"I see no serious grounds for currency wars but the crisis made all countries fear national protectionism. Some countries attempted to heal the crisis with money printing and this lead to debt troubles."
This makes analysts say that it’s too late to renounce currency wars as they are already in full swing, says Mikhail Delyagin, the head of the Institute of Globalization Problems.
"These wars are being waged for years and everybody seems to have forgotten about their main player - the US. America is great at devaluating its dollar and, thus, hampering other traders. It’s a zero or even a minus-sum game as this time a participant's loss is greater than the other participants’ gain. And the main thing is that the participants keep changing places."
China is making the Yuan a Global currency very slowly and here is a good explanation why.
"If the currency is regulated by the government not by the situation on the market it cannot function as a global currency in economic relations. In order to make it a global currency it is necessary first of all to turn it into a market currency. If it happens the Yuan rate will double in comparison with its current rate and the competitiveness of Chinese goods will see a drastic decline."
They are positioning themselves for the Yuan to be a traded currency. Another major step was just taken in London this week.
A BANK of England pledge to help London become a global trading center for the yuan has stirred talk of a revival in the city' s fortunes, similar to the explosion of the US dollar market in the1960s and70s.
In what many bankers saw as a pivotal move, the central bank said last month it was ready" in principle" to adopt a currency swap line with the People' s Bank of China, providing a two-way pipe to the city as the still-unconvertible yuan starts to emerge as a world reserve currency.
Britain would become the first major developed economy to install a currency swap line with China, replicating existing arrangements available for the dominant freely-traded currencies such as the dollar, euro and yen.
China has agreed swap lines with more than15 other countries but these tend to be emerging economies that have natural resources or goods used in manufacturing to export. The list does not include major industrial powers such as the United States, euro zone countries or Japan.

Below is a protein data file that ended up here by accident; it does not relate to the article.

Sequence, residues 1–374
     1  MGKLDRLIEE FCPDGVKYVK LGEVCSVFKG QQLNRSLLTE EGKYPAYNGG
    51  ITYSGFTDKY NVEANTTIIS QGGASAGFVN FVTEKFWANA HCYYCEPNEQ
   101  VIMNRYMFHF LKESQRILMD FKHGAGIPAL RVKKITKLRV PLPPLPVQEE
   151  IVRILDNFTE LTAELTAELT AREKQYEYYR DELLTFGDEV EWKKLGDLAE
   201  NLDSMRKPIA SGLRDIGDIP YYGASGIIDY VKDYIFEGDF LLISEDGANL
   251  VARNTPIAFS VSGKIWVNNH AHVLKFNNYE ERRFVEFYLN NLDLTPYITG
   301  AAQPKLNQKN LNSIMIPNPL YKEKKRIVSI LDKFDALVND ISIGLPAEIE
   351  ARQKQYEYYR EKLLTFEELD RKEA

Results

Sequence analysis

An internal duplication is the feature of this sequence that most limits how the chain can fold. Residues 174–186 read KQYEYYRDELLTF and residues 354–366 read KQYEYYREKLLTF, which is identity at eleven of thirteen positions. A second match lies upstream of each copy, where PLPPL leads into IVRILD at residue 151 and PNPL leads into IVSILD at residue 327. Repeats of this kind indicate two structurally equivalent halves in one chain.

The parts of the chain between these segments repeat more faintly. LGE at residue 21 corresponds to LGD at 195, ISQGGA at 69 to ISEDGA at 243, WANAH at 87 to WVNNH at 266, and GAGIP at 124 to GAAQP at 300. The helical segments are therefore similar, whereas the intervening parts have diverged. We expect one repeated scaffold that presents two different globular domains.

However, in a deliberate push to internationalize the yuan, or renminbi, China has been developing an offshore market for it, as a precursor to allowing global firms, banks and asset managers access to its domestic market.
So, are you reading between the lines here? London has just begun Swap lines with the Yuan. Last year the CME group began trading the Yuan in Chicago.
It is simply good sense to watch everything going on with China and the Yuan and to pay attention to all of their business in Saudi Arabia. The facts are... we are not going to be told a few months before when Saudi Arabia begins trading directly with China in the Yuan. It will be an overnight event/statement. It doesn't seem that China is quite ready for the Yuan to be the total reserve currency at this time, but they are definitely working that way. When it happens they will have protections in place that will not blow up their trading balances around the world. They are very careful and know exactly what they are doing.
When they have everything in place, we will not be warned in advance. People in the U.S. will wake up, one Monday morning to the shock of the dollar being replaced around the world by the Yuan. That day the dollar will go "Zimbabwe." It will be a catastrophic event in the United States as the rest of the world breathes easier and can use a 'gold' backed currency to trade with. But to those paying attention and not being distracted by the fake news on MSM, they will not be shocked and have already protected themselves for the eventual outcome.
People need to stay paying attention to what is happening in China. I will be watching every day for news out of that area and their trading partners to get hints on when the "Big" day will arrive for the Yuan. We will know that day, when Saudi Arabia makes an announcement about how they will continue trading oil and in what currency.
A little extra news tidbit from Russia.... the manipulation of Gold prices and how it is ready to surge.